I'm embarking on a research program to develop high-precision photon-counting LIDAR for the use in LEO.

As part of this, I'm planning on developing an accurate simulation of LEO and the level of debris flux in the region.

So, as part of this, I'm going to need to be able to accurately trace the paths of photons between my simulated satellite and any debris that it may detect.

I come from an engineering background (software and electronics) but have a fair understanding of orbital mechanics.

However, as I understand it, I'll have to take into account the bending of photons as they travel, due to the large mass of the Earth. This can be calculated with GR I think.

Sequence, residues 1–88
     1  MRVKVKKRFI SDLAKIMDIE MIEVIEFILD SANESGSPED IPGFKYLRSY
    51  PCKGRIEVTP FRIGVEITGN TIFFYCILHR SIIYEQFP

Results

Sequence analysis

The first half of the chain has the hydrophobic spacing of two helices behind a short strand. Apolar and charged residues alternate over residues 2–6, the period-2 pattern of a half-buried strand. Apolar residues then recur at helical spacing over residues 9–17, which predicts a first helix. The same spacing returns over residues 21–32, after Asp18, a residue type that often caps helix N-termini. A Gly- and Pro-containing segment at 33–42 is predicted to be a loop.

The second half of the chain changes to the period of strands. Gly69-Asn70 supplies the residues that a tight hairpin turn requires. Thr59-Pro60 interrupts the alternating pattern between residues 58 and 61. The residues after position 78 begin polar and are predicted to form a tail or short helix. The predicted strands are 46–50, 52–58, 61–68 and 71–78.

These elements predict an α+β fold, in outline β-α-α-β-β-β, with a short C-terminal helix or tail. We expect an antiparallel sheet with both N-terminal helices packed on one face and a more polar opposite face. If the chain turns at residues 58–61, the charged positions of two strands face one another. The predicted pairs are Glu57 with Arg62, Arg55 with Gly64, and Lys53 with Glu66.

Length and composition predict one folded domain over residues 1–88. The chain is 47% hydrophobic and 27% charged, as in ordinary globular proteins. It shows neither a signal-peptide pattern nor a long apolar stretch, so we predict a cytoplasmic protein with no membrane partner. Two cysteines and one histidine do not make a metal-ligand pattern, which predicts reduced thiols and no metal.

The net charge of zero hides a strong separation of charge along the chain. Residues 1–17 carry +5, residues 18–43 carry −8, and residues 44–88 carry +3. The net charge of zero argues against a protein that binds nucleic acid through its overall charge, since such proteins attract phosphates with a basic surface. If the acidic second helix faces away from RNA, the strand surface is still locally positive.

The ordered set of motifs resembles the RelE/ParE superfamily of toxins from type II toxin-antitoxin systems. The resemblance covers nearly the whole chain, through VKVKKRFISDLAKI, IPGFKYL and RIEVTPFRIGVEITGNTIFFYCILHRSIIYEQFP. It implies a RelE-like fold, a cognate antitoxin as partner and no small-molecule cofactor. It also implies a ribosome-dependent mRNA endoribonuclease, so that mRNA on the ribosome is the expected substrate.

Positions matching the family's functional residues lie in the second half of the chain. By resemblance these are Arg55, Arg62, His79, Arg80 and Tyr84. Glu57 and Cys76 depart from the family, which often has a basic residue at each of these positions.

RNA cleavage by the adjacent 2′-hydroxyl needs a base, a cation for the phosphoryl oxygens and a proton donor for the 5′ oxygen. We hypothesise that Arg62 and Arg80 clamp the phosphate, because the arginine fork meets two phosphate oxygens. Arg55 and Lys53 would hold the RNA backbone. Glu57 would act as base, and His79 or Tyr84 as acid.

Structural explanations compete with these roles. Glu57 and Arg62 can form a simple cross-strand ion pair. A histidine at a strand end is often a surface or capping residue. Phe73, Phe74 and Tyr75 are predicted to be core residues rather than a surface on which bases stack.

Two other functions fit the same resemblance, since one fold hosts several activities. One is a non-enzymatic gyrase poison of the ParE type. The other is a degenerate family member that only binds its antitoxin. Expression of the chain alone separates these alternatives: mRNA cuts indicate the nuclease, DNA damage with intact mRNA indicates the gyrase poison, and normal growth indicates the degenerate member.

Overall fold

That's got me thinking about whether or not there are any other non-newtonian effects I need to be aware of and compensate for given that I'll be having to accurately time the return journey of these photons when both the detector and the objects being detected will be moving at orbital velocities.

I'm not looking for in-depth explanations of these effects (although if you want to, be my guest), more pointers of effects that I'll need to research and ensure I compensate for.


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